Orchid offers advanced genetic testing for couples who want their child to have the best shot of a healthy life. We talked with IVF laboratory director Dr. Barry Behr, PhD, HCLD, to understand what the embryo growth process is like in the lab.
Dr. Behr walks us through what embryo development looks like and how embryologists take care of the embryos as they’re growing day by day in the lab.
Day 1: fertilization check
The first "success" in the IVF lab is the presence of fertilized eggs. This measurement tells embryologists there are potentially viable eggs that have been fertilized that can now progress onto an embryo. At this point, the fertilized eggs are called a “zygote” or a “two pronuclei (2PN) oocyte.”
Day 1 or 3: morphology check and assisted hatching procedure
At this IVF lab, the approach to growing embryos is to leave the embryo undisturbed as much as possible. “It's just like baking a cake. It doesn't help the cake to check it every 15 minutes,” says Dr. Behr.
What that means is that after the initial fertilization check on day 1, the next time an embryologist would look at the embryo would be on day 5.
If the patient plans to do genetic testing on their embryos, a commonly done procedure is something called “assisted hatching.” This is when the embryologist makes a small hole in the shell that surrounds the embryo to encourage hatching. The purpose of this procedure is to make the embryo sampling easier for the embryologist to perform since some cells will be “waving at us, hanging out of the hole that we created earlier.”
Dr. Behr explains that their approach is to perform assisted hatching on day 1, at the same time fertilization check happens. Some other IVF labs prefer to do assisted hatching on day 3 while checking how the embryos are growing.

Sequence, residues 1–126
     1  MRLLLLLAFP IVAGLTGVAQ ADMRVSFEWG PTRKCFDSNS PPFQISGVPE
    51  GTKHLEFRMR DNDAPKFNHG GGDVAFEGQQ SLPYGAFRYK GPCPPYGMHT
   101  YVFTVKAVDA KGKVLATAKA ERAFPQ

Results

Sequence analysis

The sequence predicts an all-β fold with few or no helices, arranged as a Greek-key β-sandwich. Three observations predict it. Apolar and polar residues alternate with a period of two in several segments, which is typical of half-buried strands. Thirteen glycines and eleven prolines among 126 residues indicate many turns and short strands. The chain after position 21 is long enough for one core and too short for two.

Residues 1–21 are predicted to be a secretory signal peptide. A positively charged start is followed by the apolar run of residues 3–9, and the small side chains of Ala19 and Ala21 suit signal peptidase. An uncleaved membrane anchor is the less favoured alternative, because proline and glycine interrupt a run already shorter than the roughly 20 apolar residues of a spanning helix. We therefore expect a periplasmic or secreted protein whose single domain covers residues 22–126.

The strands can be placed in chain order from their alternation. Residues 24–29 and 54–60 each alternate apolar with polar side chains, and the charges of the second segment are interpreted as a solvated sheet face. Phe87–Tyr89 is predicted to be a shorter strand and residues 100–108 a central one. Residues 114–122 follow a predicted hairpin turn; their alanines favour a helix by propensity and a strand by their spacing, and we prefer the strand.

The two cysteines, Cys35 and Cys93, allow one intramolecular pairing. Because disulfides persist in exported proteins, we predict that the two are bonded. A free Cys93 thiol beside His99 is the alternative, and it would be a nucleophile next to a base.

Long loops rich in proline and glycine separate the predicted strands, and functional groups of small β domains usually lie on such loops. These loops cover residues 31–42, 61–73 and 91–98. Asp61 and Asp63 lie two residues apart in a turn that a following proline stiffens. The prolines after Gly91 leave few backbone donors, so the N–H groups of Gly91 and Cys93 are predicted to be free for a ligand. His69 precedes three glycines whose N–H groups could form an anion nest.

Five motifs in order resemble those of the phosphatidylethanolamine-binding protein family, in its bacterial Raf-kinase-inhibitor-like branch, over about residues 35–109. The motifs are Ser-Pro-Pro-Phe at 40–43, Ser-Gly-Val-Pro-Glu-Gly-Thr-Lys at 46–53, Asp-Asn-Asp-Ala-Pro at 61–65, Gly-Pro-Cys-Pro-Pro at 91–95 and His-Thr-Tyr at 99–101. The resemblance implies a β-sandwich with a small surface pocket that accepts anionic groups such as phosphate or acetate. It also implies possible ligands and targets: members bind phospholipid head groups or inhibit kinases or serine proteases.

Day 5 to 7: blastocyst stage
The last stage for the embryo to reach is the blastocyst stage. This is when embryos are typically sampled for genetic testing.
One important thing to appreciate about IVF is that the process of embryo creation acts much like a funnel and that along the way, some eggs and embryos get lost naturally through the process. As Dr. Behr puts it, “it’s a process of diminishing returns, meaning as you go down the line, the numbers decrease. In a good IVF lab with high-quality embryo growing conditions, one should expect about half of your fertilized eggs to make it to usable blastocysts.”
However, predicted averages can only tell you so much. “We’re not machines; we’re biological organisms, each a little bit different,” Dr. Behr adds, “the combination of everyone's egg and sperm is a little bit different each time. So we can't prognosticate exactly what you're going to get on day 5,” or by the end of the IVF process.
Fertility treatment and reproductive medicine have come a long way since IVF was first introduced over 40 years ago. Today, advanced embryo testing is now available to couples who want their child to have the best shot of a healthy life. Explore how Orchid helps you conceive with confidence.